A Glibertarians Exclusive:  Listening Post, Part 1

Personal log entry:  22 May 2234, Mimas Listening Post

There has been no sign of the T’Cha since they swept through the solar system on March 1st with a swarm of nanotech hunter-killers and three Moon-sized conquest ships.  There has been no word from Earth, from Luna, Mars, or any of the other trans-asteroid belt stations.  Long-range examination by the Mimas Listening Post astronomers doesn’t look good.  Earth and Mars are showing extremely high radioactivity levels.  All of the other stations we have been able to see show no signs of life.  It’s unknown why the T’Cha, after several failed attempts at meaningful communication, simply chose to wipe humanity out.  And it’s even more puzzling how they managed to destroy an entire civilization and yet leave untouched one tiny listening post staffed by only a dozen humans.

It can’t go on for long.  Eventually our resources will run out.  We have plenty of water and oxygen.  Mimas is mostly ice.  The reactor will last for another hundred years, so we have heat, power and the magnetic shield will stay up.  But food, of that we have a limited supply, and there won’t be any more coming.  We’re facing death not by the T’Cha, but by starvation.

Last night, after delivering his complete report on the state of the solar system after the T’Cha’s attack, our chief astronomer went to the main airlock and blew himself out onto the frozen, airless surface of Mimas.  Now there are only eleven of us.

Recorded 2242 hours station time, 22 May 2234, Chief Electronics Mate Bel Deveran, Coalition Navy


Chief Deveran switched off the recording and leaned back in his chair.  Alone for the moment in the Mimas Listening Post’s claustrophobic command suite, he breathed a small sigh, and looked up at the massive, looming presence of Saturn overhead.  The chronometer told him his twelve-hour shift was almost over.  I have no idea why we’re even bothering to keep up the monitoring, of Saturn or anything else.  It’s not like there’s anyone to report anything to.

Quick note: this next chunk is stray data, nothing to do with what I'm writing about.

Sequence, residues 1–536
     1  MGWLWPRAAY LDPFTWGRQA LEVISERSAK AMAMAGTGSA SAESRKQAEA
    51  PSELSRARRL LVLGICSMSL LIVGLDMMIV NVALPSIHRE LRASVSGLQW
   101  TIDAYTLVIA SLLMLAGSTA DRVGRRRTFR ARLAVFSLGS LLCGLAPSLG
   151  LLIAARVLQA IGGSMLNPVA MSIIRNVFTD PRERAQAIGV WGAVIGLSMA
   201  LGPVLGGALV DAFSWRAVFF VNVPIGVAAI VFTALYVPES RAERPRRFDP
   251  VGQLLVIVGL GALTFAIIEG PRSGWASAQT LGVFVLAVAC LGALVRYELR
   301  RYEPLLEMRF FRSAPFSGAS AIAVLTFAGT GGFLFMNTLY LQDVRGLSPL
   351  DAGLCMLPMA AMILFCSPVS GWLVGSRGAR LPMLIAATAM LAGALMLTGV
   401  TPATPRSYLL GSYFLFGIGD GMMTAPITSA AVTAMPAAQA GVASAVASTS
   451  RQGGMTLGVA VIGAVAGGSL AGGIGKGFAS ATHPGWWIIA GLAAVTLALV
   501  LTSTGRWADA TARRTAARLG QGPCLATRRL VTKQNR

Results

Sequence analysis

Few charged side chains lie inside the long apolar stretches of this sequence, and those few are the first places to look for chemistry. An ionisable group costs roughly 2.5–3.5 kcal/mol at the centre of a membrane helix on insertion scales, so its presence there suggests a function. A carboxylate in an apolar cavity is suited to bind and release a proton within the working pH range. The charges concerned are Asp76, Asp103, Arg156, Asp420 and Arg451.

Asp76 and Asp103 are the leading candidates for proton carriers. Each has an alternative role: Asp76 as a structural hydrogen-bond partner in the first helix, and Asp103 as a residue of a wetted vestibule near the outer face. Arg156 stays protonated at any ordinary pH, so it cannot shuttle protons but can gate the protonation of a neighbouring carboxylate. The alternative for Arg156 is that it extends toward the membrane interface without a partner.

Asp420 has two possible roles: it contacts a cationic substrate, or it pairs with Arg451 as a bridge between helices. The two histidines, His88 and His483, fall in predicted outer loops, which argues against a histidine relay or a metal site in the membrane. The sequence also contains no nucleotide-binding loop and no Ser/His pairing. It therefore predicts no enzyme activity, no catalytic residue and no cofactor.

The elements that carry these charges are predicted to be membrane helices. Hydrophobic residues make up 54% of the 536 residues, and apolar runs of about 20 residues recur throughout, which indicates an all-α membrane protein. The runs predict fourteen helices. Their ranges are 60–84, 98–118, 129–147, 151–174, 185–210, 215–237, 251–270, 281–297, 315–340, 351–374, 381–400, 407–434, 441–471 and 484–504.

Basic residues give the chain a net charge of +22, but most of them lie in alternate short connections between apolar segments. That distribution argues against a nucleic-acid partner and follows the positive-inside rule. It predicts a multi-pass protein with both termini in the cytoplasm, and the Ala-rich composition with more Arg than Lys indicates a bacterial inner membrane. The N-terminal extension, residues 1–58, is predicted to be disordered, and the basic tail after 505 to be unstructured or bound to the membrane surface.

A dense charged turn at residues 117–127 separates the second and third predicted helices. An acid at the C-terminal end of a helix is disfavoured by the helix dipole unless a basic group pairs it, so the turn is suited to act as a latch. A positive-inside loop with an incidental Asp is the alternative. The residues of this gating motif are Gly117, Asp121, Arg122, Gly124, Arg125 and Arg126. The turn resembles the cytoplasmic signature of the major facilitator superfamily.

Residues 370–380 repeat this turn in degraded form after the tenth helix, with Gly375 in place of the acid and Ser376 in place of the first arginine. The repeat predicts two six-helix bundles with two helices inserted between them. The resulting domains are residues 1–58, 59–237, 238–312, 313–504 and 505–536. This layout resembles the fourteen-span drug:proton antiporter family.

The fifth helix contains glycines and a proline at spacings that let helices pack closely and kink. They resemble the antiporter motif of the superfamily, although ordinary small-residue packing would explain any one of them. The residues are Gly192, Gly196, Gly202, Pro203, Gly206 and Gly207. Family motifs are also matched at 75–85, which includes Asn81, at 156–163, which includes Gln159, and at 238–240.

But the listening post commander, Lieutenant Commander Venko, insisted on keeping to routine.  “We keep at it,” he had said to the assembled staff of the Mimas Listening Post in this morning’s briefing.  “If nothing else, it keeps us all from going crazy and following Lieutenant Foxx out the airlock.”

Something to that, I suppose, Chief Deveran had to admit, if only to himself.

So, the crew of the Mimas Listening Post continued their routines.  The post itself was an oblong dome, two hundred and forty meters long by eighty meters wide, sunk twenty meters into a rocky outcrop sticking out of the mostly water-ice surface of Saturn’s innermost moon.  A pressurized corridor led down into the rock eighty meters deep and two hundred south to the station’s fusion reactor.  Another corridor led a kilometer west to the landing ports, where supply ships docked – or had, before the T’Cha came.

Before the T’Cha, the post was manned by Navy personnel, each on a six-month hardship rotation, tasked to monitor and study Saturn’s massive magnetic field and radiation belts, and to detect any unexpected objects passing through the area bound for the inner solar system.

Now, after the T’Cha, the Mimas Listening Post, as far as its staff was able to determine, was the last outpost of the human species.

When the shift change chime sounded at 2300 hours station time, Chief Deveran had little to report to Astronomer’s Mate Second Class Jule Hortenz, who replaced him: “A class 2 comet, two Grade 3 flares from Saturn’s magnetic field that the post’s shielding handled just fine, and no contact from anyone else in the System.  No sign of the T’Cha.”

“Well, that’s good news,” AstM2C Hortenz grumped.  She was on the wrong side of forty, dumpy, and sour – having failed the Chief’s exam four times would do that to a person.

Not that it matters any more, Deveran reminded himself as he walked out of the command suite.  Not that anything matters much anymore.